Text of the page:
Countries across the world are using the method of desalination to make sea water fit for drinking. India too is considering setting up desalination plants to leverage its vast coastline. The process uses reverse osmosis to remove salt from sea water to make it potable. The technique, simple it may be, is wreaking havoc on oceans. Scientists are calling it as one of the major environmental issues the world is facing today.
The reason is every litre of water that is purified using reverse osmosis (RO technology used by desalination plants) generates 1.5 litres of brine, concentrated salt water that is twice as salty as sea water (Brine has six percent salt). Desalination plants pump this salty brine back into the oceans, increasing their salinity which affects marine ecosystem and its species. According to International Water Association, at the end of 2015, there were 18,000 desalination plants world over with a total installed production capacity of 22,870 million gallons per day (MGD). And, all of these produce 1.5 times more brine than the desalinated water.
Process engineering company SSP Private that provides industrial evaporators and dryers to dairy, F&B and other industries has come with an innovative idea to solve this global problem. Their Managing Director Tapas Chatterjee, a scientist with love for building new machines, has created a system that purifies brine into potable water and table salt. Chatterjee got this idea to extract water from brine and save it from being released in oceans in September 2018, when he was working with a Kenya-based firm to help increase their salt production. They used solar drying in their processing plant to extract salt. In SSP's research and development facility in Faridabad, Chatterjee overturned the principles of salt production to develop a new procedure of salt production to process brine..
He says, "We have modified the existing technology to serve this purpose. We use falling film evaporator followed by forced circulation evaporator to get salt from rejected brine. The water then passes through the RO system to offer potable water." This way 99 per cent water can be recovered from desalination reject. This innovation produces water available for human consumption and also gives salt with 99.5 per cent purity (table salt is 98 per cent pure). Other salts such as Magnesium Chloride, Magnesium Sulphate, Potassium Chloride, Bromine, Potassium Sulphate (fertilizer) can also be segregated making this a zero liquid discharge system.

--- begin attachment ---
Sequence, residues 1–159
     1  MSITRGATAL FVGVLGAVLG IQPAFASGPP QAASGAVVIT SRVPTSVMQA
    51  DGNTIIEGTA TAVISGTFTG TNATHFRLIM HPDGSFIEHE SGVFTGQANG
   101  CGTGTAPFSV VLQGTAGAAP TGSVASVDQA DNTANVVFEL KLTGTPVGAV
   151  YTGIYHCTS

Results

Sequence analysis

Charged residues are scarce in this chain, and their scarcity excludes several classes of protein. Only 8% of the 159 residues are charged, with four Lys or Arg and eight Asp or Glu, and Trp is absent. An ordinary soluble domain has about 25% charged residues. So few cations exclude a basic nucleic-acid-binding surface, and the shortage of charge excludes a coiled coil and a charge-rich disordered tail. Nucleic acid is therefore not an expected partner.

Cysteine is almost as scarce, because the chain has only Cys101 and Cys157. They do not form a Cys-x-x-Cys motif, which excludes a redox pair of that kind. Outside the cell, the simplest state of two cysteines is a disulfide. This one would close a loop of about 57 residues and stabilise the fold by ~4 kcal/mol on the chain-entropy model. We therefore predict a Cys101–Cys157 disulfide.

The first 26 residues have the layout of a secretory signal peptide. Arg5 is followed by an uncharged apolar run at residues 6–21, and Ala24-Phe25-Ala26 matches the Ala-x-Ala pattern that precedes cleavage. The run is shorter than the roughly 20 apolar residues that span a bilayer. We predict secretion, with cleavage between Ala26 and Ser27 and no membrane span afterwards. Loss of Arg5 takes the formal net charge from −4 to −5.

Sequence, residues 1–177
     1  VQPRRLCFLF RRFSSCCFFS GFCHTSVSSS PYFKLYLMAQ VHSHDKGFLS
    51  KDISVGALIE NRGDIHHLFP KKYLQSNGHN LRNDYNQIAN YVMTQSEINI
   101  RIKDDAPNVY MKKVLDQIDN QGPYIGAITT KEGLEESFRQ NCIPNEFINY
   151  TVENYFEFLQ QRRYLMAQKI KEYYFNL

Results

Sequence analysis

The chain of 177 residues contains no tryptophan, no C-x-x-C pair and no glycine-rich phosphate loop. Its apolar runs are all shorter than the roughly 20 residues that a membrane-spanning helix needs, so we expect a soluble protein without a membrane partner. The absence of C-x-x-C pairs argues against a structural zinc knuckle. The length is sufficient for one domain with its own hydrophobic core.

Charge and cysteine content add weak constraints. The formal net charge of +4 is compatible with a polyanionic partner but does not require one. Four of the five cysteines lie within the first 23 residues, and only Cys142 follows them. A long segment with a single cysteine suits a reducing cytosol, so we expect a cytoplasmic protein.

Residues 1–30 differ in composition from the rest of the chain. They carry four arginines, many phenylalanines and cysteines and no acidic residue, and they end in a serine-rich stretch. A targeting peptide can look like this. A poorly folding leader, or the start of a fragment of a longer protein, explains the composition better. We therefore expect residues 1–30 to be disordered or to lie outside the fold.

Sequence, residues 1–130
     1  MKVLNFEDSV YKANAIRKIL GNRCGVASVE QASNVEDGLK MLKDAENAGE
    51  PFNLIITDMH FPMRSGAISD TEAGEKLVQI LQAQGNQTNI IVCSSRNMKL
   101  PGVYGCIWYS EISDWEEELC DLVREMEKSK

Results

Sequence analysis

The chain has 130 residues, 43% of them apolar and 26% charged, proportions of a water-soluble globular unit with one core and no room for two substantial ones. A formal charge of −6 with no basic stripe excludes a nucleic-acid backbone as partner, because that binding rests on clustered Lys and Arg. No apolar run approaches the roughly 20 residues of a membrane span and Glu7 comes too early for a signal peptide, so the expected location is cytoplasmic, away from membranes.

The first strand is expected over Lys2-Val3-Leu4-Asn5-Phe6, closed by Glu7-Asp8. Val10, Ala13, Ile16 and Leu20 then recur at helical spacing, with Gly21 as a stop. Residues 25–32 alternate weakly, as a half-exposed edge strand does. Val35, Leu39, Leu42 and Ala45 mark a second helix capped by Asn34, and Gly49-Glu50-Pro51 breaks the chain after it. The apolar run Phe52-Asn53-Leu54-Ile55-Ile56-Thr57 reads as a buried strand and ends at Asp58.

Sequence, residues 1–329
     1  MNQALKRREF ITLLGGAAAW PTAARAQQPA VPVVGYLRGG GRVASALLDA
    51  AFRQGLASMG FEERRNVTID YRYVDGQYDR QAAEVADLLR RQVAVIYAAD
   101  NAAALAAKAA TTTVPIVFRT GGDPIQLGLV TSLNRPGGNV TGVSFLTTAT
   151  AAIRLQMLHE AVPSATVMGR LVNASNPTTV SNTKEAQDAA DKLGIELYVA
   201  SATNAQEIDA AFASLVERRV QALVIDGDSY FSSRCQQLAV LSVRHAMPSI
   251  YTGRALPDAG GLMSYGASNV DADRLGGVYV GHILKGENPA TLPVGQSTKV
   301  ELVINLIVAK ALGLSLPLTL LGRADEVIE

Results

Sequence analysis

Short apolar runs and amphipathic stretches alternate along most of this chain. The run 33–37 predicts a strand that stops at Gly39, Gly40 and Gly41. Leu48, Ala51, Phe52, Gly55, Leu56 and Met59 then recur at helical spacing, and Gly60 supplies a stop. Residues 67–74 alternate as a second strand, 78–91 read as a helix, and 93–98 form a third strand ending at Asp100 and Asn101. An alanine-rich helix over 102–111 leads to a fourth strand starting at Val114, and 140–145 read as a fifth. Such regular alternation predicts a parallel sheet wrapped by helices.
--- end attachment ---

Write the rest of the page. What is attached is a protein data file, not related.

"This innovation helps save the environment by not letting concentrated brine to flow back into the sea which protects marine life and bio-diversity, avoiding global climate change due to increased sea salinity," he says. He adds that the technology is also cost effective as the cost of the raw material is negligible, since brine is an effluent. Moreover, since brine's salt concentration is higher, more salt can be generated using less water.
"The economic viability for this project will come from selling this high purity salts and potable water with less than 100 ppm Total Dissolved Solids (TDS)," he says.Companies can get the payback on their investment in 2.4 years for a salt production plant with the capacity of 240 tonnes per day requiring an initial capital investment of Rs 90 crore.This technology can be used by desalination plants and also salt processing industry. Chatterjee, who has filed 12 patents for his innovations, is now working on a technology to convert organic waste to bioplastics that can dissolve in 15 days. The writer met SSP Private at the FICCI Water Awards event in New Delhi where they were one of the winners.